Opening Inward Newsletter
An Occasional Publication Produced by Write From the Heart Seminars
* Exploring New Paths for Creativity & Spiritual Development
By Hal Zina Bennett
Welcome to the Opening Inward Newsletter, a publication for people interested
in creative writing and publishing. If you are new to this newsletter,
introductions are in order. I'm an author and writing coach. I've had 31 books
of my own successfully published and have helped other authors, as well as
publishers, develop their projects.
At the bottom of the last page of this newsletter you'll find my website
address where you can learn more about my own writing work, and even read
excerpts from my current books.
I hope you enjoy and benefit from my efforts. Your suggestions and comments
are always appreciated.
More and more writers are turning to the Internet for support from other
writers and for current information about publishing. It can be a lonely world,
this business of writing, since to do it requires a lot of uninterrupted time in
front of our computers or with pen and paper, as the case may be. While I find
that the quality of information available online is, well, inconsistent, I still
think that for many of us it's a godsend to have access to other writers.
I recently received a new book in the mail which can be a valuable resource
for any writer though the title would suggest that it is only for people
interested in one genre. The title is: Spiritual Writing: From Inspiration to
Publication. ($16.95 pub by Beyond Words.) The author is Deborah Levine Herman,
with Cynthia Black. I am aware of the book by virtue of having contributed a
small article on spiritual fiction, which you can also read there. The focus of
the book is really on the business of writing and publishing, and while it deals
with some of the special challenges of the person interested in spiritual
themes, the real strength is in the former. In the back of the book is a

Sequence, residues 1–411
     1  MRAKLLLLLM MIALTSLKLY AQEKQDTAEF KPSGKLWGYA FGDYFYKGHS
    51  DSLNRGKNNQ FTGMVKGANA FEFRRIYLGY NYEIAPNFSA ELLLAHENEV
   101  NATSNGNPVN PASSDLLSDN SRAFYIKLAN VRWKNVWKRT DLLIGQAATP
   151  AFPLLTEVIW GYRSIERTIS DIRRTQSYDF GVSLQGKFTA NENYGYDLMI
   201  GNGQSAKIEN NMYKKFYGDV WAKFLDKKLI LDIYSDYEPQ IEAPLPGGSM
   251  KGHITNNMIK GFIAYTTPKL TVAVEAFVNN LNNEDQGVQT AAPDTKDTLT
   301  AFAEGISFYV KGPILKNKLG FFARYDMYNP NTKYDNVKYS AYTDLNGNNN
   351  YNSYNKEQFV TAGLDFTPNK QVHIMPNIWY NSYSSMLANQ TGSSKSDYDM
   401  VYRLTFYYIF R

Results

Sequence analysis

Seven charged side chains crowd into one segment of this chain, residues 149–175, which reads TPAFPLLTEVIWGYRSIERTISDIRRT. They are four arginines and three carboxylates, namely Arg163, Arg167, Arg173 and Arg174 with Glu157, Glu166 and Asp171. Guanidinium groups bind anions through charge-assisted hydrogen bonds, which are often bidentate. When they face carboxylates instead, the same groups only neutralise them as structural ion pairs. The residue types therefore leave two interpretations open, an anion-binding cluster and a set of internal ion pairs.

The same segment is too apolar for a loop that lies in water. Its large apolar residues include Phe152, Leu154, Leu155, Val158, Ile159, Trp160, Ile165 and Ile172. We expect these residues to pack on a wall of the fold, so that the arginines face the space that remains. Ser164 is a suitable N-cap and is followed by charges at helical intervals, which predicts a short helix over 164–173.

wonderful resource section, including names of agents and publishers, and some
online resources for writers in general. Here's a selection of writing resources
from that book:
For Writers on the Internet
Info about markets, links to other resources, reviews of writing related
books and FAQs on software, hardware and the Internet. Click here for Writers
on the Internet.
Association of Authors' Representatives
Offers comprehensive information on literary agents belonging to this
respected professional organization. Good place to shop for agents. Click here
for Association of Author's
The Authors Guild
Professional organization for published authors. Great legal resource.
They've been around for 80 years and are perhaps the most powerful advocate for
authors. Click here for The
A great place to go for forums on writing and publishing. You can even
have your own website there and sell your books online through them. Click here
Coffeehouse for Writers
Bills themselves as an "online writers colony; a place where writers...
gather to critique, advise, and encourage each other." Click here for Coffeehouse
Information on writing, publishing and promotion. They offer a regular online
newsletter that you can subscribe to. Click here for Para
The WELL (Whole Earth 'Lectronic Link)
Grew out of the Whole Earth Catalog, bill themselves as "literate
watering hole for thinkers from all walks of life." Membership fee. Click
here for The WELL (Whole Earth
They say of themselves: "helps build relationships between writers,
publishers, editors, and literary agents." Click here for Writers
This is just a small selection of the online resources to get you started.
Most of these sites have links to other websites for writers. If you get into it
at all, you'll discover a whole world out there.
I'm always being asked about resources for fiction writers. There are a lot
of books out there to choose from good, bad and indifferent. My favorite by far
is How To Write a Damn Good Novel, by James N. Frey, published by St. Martin's
Press, $18.95. There is a sequel, titled How To Write A Damn Good Novel II.